............................. 12 3 SURFACE RECONSTRUCTION ......3 Single Views and Data Segmentation............................................................................................................... 28 IVP Laser Range Data Results................................. 15 3..........................................................................ii TABLE OF CONTENTS 1 2 INTRODUCTION.................................................................. 8 Reverse Engineering Applying Non-Contact and Hybrid Techniques............................................................................................................................... 6 Reverse Engineering Applying Contact Techniques ........................................ 51 .......... 1 ACQUISITION CLASSIFICATIONS AND RELATED WORKS .................................................................... 15 Multiple View Integration and Registration .4 2.....................................1 4................3 Part Identification......................................................................1 5.................................................. 31 Genex Structured Light Data Results ..................................... 19 4........1 2................................................................................. 28 5...................2 5........ 21 Genex 3D FaceCam Profiling System ....... 49 REFERENCES...........................................1 5. 45 6 CONCLUSION ..................... 5 2...................2 IVP Range Scanning Profiling System ........................................................................... 17 Post-processing Registered Images.............3 2............... 21 4......... SYSTEM DESCRIPTIONS AND SETUP ............................1 3........................................................................... 7 Non-Contact Data Acquisition Techniques ...................................................2 2.5 Contact Data Acquisition Techniques ............ 10 General Constraints of Data Acquisition Techniques................... 36 Comparison: IVP Laser Range Scanner and Genex 3D FaceCam Data............ 25 5 RESULTS AND DISCUSSIONS .....2 3.......................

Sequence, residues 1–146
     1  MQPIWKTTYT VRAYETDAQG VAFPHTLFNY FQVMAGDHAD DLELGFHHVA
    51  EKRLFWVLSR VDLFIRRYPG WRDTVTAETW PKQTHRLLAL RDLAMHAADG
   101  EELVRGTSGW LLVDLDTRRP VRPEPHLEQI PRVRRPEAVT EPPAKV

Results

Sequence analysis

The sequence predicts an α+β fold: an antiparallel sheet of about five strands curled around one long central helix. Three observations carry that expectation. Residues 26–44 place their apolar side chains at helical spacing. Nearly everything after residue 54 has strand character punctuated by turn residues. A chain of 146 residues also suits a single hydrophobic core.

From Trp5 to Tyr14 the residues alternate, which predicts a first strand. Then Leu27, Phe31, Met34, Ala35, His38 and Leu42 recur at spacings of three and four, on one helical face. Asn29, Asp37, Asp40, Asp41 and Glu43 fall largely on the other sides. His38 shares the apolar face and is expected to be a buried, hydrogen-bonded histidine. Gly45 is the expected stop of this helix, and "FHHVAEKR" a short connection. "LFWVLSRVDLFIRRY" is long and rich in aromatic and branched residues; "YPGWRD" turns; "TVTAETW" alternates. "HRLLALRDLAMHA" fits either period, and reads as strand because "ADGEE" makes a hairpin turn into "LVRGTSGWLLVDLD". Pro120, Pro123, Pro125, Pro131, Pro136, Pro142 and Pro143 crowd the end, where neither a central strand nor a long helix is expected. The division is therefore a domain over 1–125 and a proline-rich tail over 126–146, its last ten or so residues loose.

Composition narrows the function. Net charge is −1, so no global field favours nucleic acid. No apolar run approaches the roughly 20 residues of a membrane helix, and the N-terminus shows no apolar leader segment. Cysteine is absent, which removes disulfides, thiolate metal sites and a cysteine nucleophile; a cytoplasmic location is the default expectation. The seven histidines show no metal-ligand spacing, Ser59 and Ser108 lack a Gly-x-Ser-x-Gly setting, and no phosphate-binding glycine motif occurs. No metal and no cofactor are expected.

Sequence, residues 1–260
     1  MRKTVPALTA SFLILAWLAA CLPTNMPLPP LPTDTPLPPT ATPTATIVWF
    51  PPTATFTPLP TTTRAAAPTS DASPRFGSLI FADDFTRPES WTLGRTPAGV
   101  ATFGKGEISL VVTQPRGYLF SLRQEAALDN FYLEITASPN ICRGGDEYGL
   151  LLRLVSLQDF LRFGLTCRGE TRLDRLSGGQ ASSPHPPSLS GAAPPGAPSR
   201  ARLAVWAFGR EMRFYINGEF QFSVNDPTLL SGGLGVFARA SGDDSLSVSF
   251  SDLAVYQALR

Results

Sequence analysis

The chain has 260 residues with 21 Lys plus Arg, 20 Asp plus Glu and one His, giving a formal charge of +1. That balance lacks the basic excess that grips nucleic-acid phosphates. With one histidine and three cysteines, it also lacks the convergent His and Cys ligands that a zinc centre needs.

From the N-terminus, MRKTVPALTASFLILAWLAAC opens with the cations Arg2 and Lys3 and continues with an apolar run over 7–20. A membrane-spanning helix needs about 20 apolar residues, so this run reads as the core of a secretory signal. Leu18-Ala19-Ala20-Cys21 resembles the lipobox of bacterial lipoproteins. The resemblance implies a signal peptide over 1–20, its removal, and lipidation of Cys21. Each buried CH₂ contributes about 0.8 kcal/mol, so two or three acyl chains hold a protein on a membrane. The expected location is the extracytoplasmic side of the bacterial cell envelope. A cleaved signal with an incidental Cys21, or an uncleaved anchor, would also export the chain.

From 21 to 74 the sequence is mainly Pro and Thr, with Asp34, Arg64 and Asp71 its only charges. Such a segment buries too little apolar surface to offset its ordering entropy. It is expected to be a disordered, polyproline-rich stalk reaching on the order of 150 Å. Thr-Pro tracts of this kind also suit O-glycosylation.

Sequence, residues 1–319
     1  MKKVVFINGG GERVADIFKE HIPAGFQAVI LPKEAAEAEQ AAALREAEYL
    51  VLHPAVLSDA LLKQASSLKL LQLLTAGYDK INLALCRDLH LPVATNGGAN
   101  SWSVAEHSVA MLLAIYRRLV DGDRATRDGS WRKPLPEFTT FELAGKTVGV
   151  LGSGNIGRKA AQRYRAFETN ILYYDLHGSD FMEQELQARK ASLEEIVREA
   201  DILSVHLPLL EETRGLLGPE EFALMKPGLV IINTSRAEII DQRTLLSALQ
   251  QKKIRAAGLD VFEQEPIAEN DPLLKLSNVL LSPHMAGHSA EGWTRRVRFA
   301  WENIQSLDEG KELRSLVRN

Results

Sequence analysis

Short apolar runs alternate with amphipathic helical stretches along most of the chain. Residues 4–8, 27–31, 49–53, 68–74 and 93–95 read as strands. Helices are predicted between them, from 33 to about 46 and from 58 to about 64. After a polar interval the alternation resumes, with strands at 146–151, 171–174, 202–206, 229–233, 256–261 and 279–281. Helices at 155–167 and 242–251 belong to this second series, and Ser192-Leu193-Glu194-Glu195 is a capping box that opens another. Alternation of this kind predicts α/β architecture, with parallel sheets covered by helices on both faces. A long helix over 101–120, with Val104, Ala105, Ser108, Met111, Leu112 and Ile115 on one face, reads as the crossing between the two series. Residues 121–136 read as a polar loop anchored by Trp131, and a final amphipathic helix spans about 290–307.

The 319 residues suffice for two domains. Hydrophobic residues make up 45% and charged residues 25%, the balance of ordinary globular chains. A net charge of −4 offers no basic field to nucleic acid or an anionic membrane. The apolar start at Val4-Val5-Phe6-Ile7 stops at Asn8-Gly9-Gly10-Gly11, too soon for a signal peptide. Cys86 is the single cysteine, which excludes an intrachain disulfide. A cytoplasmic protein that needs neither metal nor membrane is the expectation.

..............................8: Cleaned point cloud data of the side views of the water pump taken with the IVP Range Scanner.. (a) is the top view (b) is the bottom view ..3: Calibration grid for the IVP Range Scanner ..................... (a) right view........2: Textured single view range images generated from the structured lighting system............................... 23 Figure 4... 17 Figure 3.... Arrangement for the IVP Smart Vision Camera and Laser....... 22 Figure 4....................................................................................................................... 29 Figure 5......7: Reconstructed views of the water pump............... 33 Figure 5..........................5: Structured light grid pattern projected on the ramp with a neutral tan background.... (b) front view of the ramp........................... 24 Figure 4................. 30 Figure 5....................... (a) left/front side view................... (b) Sequenced single view range images of the bottom surface of the water pump generated using our laser range scanner .. (b) left view........2: The sequence of steps required for the reconstruction of a model from multiple overlapping scans..............2: Photos of the water pump part (a) top and side views (b) bottom view...... center and right camera photos of the object....... (b) side angled view of the top of the IVP Range Scanner.........3: Point cloud information of the side view of the water pump..................1: Photos of the ramp part (a) front and side views. (c) bottom view....... 19 Figure 4.......................5: 3D Ramp CAD models.....................4: CAD model images of the ramp (a) left/front view......1: (a) Original image of the water pump...... 35 ..................3: Photos of the pulley arm.............1: Classification of data acquisition techniques used in contact and non-contact approaches for reverse engineering systems...........6: Genex 3D FaceCam System................ (b) Solid mesh model......1: Flowchart for basic transformation phases of reverse engineering................... (b) back/left side view....4: IVP Range Scanner User Interface...................... (b) right side view...................6: Reconstructed bottom surface of the water pump..............1: Principle of a laser triangulation system................... 4 Figure 2... (d) front/ right view of the ramp...............................................7: Distance specification for data collection ..... (a) front view of the IVP Range Scanner........................ (c) registered range image of the two side views.............. (b) back and top views.....iii LIST OF FIGURES Figure 1..................................................................... (d) back view .......................... (c) smooth reconstructed mesh model........... 32 Figure 5..... 34 Figure 5.2: Equipment setup for IVP Range Scanning System. ........................................................ (a) Point cloud information................................................. 26 Figure 4..................8: Genex 3D FaceCam User Interface screen that displays the left................ 5 Figure 3.............. (a) left view of the ramp...................................... 31 Figure 5.................... (c) right view and (d) left view . 16 Figure 3................. 27 Figure 4...... 30 Figure 5........................ 2 Figure 1....................................................................... (a) and (b) side view range images............ 24 Figure 4...... 25 Figure 4............................................................. 27 Figure 5............ (c) back/left view of the ramp... (d) right/top/ front side view........... ....... (c) ramp measurements .......... (c) bottom view. (a) reconstructed top view (b) side view reconstruction....................